his nephew Thomas started up a plantation on St. Kitts in 1720.  This plantation stayed in family hands for four generations for about a hundred years.  George Mills of this line, overcome by debts, shot himself to death in 1828.

Canada.  Jesse Mills and his family from Westchester county, New York – descendants of George Mills – were Loyalists who made the journey across the border into Canada in 1784.  They settled in Cumberland county, Nova Scotia.  David Mills, a Liberal politician in Canada in the late 1800’s, came from these Loyalist roots.  Also arriving in Canada, this time near Niagara, was John Mills and his family from New Jersey.

James Mills came to Canada in 1800 from America and was a farmer in the Hamilton area of Ontario.  His son Samuel was a businessman who did well, described at one time as “one of the three wealthiest men in Hamilton.”  Stanley Mills’ 1926 book Genealogical and Historical Records of the Mills and Gage Families tracked the family history.

Australia and New ZealandPeter Mills had a short and eventful life in Tasmania, arriving there in 1806 as a protégé of Captain Bligh but disappearing ten years later.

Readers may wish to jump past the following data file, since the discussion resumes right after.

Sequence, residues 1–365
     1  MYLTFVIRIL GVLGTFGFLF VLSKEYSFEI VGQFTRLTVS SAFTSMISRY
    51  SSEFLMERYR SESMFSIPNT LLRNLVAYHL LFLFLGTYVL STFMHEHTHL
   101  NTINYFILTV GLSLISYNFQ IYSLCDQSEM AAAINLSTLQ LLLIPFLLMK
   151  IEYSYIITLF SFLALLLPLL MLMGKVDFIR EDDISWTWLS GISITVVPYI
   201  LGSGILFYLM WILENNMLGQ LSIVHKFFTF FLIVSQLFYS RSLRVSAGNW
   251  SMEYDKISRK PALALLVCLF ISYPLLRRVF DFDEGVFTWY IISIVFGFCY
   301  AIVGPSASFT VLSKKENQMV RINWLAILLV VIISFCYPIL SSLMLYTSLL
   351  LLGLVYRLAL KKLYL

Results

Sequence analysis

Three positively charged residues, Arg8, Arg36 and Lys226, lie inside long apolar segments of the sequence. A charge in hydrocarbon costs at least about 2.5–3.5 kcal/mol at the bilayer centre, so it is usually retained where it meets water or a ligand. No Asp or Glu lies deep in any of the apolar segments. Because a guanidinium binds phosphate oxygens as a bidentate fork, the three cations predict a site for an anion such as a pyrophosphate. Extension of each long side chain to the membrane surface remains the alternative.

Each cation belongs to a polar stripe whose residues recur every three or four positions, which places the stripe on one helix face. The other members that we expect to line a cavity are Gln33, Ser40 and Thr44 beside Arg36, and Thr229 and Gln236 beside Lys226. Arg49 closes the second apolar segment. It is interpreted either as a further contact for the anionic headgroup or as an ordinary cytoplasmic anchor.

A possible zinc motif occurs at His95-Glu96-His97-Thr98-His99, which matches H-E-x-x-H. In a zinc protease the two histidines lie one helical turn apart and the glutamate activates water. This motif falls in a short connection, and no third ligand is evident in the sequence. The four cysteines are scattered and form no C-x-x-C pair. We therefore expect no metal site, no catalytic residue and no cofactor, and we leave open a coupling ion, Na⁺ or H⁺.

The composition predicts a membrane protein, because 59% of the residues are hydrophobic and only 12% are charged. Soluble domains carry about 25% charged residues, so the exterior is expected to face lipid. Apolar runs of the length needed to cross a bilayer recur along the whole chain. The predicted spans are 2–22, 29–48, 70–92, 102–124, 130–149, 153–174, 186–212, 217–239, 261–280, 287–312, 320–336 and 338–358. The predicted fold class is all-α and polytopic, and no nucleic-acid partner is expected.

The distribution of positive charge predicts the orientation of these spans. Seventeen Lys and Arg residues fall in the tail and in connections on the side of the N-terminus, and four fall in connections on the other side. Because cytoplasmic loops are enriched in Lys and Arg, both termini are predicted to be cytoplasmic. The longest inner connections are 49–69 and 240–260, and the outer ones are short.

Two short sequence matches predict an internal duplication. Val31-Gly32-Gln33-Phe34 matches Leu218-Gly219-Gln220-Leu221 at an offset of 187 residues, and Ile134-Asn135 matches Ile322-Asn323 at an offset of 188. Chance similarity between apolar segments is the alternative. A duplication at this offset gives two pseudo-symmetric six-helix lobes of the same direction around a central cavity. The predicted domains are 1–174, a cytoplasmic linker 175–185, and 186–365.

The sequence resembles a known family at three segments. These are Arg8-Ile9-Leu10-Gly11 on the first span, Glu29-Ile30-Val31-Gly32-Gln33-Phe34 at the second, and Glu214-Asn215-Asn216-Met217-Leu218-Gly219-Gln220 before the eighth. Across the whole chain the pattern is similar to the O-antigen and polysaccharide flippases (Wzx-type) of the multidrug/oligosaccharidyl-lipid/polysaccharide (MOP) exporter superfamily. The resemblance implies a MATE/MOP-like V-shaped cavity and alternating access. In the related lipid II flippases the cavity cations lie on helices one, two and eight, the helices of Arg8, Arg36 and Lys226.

William Mills was an early arrival in New Zealand, coming to Wellington from Scotland in 1842 and later settling in Dunedin where he was collector of customs.  His son James Mills involved himself in coastal shipping and built up the United Steam Ship Company to be the largest shipping line in the southern hemisphere.  His company was also then New Zealand’s largest private sector employer.

Select Mills Miscellany

If you would like to read more, click on the miscellany page for further stories and accounts:


Select Mills Names

James Mill was a Scottish economist of the early 19th century, one of the founders of classical economic theory.
John Stuart Mill
, the son of James Mill, was an influential philosopher and political economist of the mid-19th century.

Darius Mills
was a prominent American banker and philanthropist.  For a time, he was California’s wealthiest citizen.
Bertram Mills
was a British circus owner who ran the Bertram Mills Circus.
John Mills
was a well-known 20th century English actor whose career spanned seven decades.

Select Mills Today
  • 70,000 in the UK (most numerous in London)
  • 54,000 in America (most numerous in Florida) 
  • 41,000 elsewhere (most numerous in Ausatralia)



PS.  You might want to check out the surnames page on this website.  It covers surname genealogy in this and companion websites for more than 800 surnames.

Click here for reader feedback
Click here for return to front page